ND filters are sold in different strengths, and different scales are used to measure this. Some use an NDxx number, others refer to optical density, and some refer to the light reduction in EV or ‘stops’. Below we’ve served up four of our best tips for choosing the best ND filter for your DSLR.
And on the second page of this article we’ve compiled a handy photography cheat sheet to understanding ND filter strengths and shutter speeds.
Tip 1: Choose a strength
ND filters come in a huge range of strengths. A one-stop (0.3 or ND2) filter cuts just 50% of light. A 10-stop (ND1000) filter blocks 99.9% of light. The stronger versions are best for seascapes.
Tip 2: Round or square?
Round filters are the best option for ND filters as they prevent any light leaks. However, if you use them in conjunction with ND grad filters, the square slot-in type are a good choice.
Tip 3: Variable ND filters
Variable ND filters use two polarising filters in one mount. The front ring is rotated to vary the ND’s strength. They’re popular for shooting video as you can use wide apertures, however bright the light.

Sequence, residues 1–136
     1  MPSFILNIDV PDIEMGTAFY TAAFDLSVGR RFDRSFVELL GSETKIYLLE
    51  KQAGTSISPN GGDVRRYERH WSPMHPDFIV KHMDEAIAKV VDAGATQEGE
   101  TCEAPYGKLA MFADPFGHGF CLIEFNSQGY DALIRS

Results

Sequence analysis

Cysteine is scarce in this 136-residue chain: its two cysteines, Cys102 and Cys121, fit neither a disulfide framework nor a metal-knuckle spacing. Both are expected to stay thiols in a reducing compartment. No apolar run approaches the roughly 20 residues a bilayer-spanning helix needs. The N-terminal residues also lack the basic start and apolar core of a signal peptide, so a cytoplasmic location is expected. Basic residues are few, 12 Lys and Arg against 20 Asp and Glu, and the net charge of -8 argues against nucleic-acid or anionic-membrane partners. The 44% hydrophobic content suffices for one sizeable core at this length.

Tip 4: Low-cost options
Cheap ND filters can cause colour casts. A useful tip is that two ND filters can be used together – two three-stop NDs on top of each other give a six-stop effect, and a standard circular polarising filter can block out almost two stops of light.
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Using filters – the only cheat sheet you’ll ever need to get beautifully balanced exposures
The 10 Commandments of Landscape Photography (and how to break them)
Best circular polarizer filter – 5 top models tested and rated
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